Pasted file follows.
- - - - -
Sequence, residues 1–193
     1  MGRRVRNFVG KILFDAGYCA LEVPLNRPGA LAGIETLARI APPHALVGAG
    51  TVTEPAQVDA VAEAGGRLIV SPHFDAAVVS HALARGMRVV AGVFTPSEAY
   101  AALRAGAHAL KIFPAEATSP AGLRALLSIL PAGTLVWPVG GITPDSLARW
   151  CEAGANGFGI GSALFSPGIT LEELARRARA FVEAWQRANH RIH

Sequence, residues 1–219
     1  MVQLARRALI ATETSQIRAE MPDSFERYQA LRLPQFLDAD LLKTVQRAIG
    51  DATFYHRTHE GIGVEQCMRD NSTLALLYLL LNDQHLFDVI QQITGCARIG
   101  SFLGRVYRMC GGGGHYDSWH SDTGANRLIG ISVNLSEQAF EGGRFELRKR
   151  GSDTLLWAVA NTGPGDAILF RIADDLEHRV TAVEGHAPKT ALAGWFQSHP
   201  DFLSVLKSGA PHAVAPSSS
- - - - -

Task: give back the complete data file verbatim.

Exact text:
Sequence, residues 1–193
     1  MGRRVRNFVG KILFDAGYCA LEVPLNRPGA LAGIETLARI APPHALVGAG
    51  TVTEPAQVDA VAEAGGRLIV SPHFDAAVVS HALARGMRVV AGVFTPSEAY
   101  AALRAGAHAL KIFPAEATSP AGLRALLSIL PAGTLVWPVG GITPDSLARW
   151  CEAGANGFGI GSALFSPGIT LEELARRARA FVEAWQRANH RIH

Sequence, residues 1–219
     1  MVQLARRALI ATETSQIRAE MPDSFERYQA LRLPQFLDAD LLKTVQRAIG
    51  DATFYHRTHE GIGVEQCMRD NSTLALLYLL LNDQHLFDVI QQITGCARIG
   101  SFLGRVYRMC GGGGHYDSWH SDTGANRLIG ISVNLSEQAF EGGRFELRKR
   151  GSDTLLWAVA NTGPGDAILF RIADDLEHRV TAVEGHAPKT ALAGWFQSHP
   201  DFLSVLKSGA PHAVAPSSS